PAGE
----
What we’re talking about this week – Round 12.

hawks power ranger

1. Bye, bye, bye – Why is the bye spread over three rounds this year? Why are they playing a Thursday night game this week? So many unanswered questions.

2. Power Rangers are go – Yep, we’ve all seen the comparison shot with Hawthorn’s shiny shiny away jumper displayed next to the white and gold Power Ranger. Even Titus has had a crack at it. I cannot believe that was the end result and everyone in charge went, “Yep, we’re happy with that one.”

3. 41 seconds – The poor Dees can’t take a trick at the moment, going down to the Saints right at the very end. Alan Richardson’s reaction in the coaches’ box was a ripper though – skip to the last 30 seconds of this video to see what I mean.

4. President’s Round Table – I finally got around to watching the President’s Round table on Fox Footy with David Koch, Eddie McGuire, Andrew Pridham and Peter Gordon and it was one of the most interesting football segments I’ve seen in a long time. Honestly, I was riveted. Nice to hear from these guys for a change and I thought the questions were really well moderated. I can’t find a link online but the synopsis is here.

5. Origin record – 91,513 at the MCG to watch NSW beat Queensland in game two of the rugby league State of Origin. Cracking night and pretty happy to have seen the mighty Blues get up. The yelling out during the one minute’s silence for Ron Clarke probably wasn’t the highlight (or necessary) though.

You can take the girl out of NSW but you can’t take the NSW out of the girl.

MCG state of origin 2015

Friends origin

That moment when you sit with the good mates you’ve made since moving interstate 10 years ago and you’re watching your home team play the game you grew up with and they defeat the old enemy in front of a record crowd at one of the best sporting grounds in the world and some bloke you don’t even know sitting in front of you turns around and high fives you and life is just great.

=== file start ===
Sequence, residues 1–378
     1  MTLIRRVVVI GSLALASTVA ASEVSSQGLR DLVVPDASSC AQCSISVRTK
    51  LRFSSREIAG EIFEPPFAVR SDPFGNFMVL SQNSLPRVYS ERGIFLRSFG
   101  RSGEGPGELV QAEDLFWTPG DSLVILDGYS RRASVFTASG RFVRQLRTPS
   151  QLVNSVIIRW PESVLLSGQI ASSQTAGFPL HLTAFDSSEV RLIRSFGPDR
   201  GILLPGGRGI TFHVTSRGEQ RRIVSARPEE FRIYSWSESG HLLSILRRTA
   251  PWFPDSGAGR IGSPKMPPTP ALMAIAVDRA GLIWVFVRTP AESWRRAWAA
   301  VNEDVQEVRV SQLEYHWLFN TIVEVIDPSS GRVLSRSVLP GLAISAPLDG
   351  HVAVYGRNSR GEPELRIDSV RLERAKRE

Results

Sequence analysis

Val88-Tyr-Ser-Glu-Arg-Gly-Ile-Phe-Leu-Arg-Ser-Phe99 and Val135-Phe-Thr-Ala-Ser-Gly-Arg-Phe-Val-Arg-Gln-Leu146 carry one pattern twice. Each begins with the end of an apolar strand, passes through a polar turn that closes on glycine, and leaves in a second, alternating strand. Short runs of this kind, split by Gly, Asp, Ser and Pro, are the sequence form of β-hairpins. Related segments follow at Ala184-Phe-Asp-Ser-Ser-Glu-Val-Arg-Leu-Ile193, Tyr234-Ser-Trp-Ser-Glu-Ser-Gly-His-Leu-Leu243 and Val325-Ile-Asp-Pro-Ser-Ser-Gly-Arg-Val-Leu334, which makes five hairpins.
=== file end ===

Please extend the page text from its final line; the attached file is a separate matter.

91,513 at the MCG for game two of the 2015 State of Origin. Go you mighty Blues!

The anticipation.

MCG at night

I love seeing the MCG lit up and ready to go.

I love seeing it when I leave work late on a Friday and am inching through traffic on Flinders Street, the lights shining on my right and the sky turning pink as the sun goes down. I love seeing it when I go through Richmond on a chilly winter night, the light poles stretching into the dark. I love seeing it in the distance as I walk down Punt Road to go to a game, the anticipation surging through me and the excitement stating to build.

I also love seeing it super early in the morning against the backdrop of a sunrise, wondering what exhilaration and heartbreak have been experienced there only hours before.

Nothing beats those moments when you walk up to the ground and everything seems ready to go, calling you closer and closer and closer… You figure out which gate you need to go through and there’s that first glimpse of the green grass on the field.

You’re here. It’s on. Let’s do this.

Why would you want to be anywhere else on a Saturday night in Melbourne?

(Cracking win by the Swans tonight too in the grand final replay against Hawthorn. Just sneaking home there at the end makes it even sweeter.)

Port Adelaide proud.


I wrote this after Port Adelaide lost the 2014 preliminary final to Hawthorn by three points at the MCG, a game I attended. It’s been a big two years for the club and supporters definitely have something to get excited about. However losing a prelim always aches and I was feel pretty down for the next couple of days – writing definitely helps.

One of the questions I get asked fairly often is why do I barrack for Port Adelaide. I’m not South Australian; in fact, I’ve only been to Adelaide three times in my life. I grew up in country NSW in a family that supported rugby league teams and played rugby union. AFL never even factored in our lives until the Sydney Swans made the 1996 grand final and we started to show an interest.

The reason I support Port Adelaide is simple: I just do.

I’m honestly not entirely sure how it came to be. They were the new team in the competition in 1997 and for some reason I picked them. I picked them over the team that represents my people and my home state, I picked them barely knowing a single player, I picked them with no SANFL Port Adelaide Magpies background. I think a friend at the time had shown some interest in them and I simply went along for the ride – new team, new football supporter.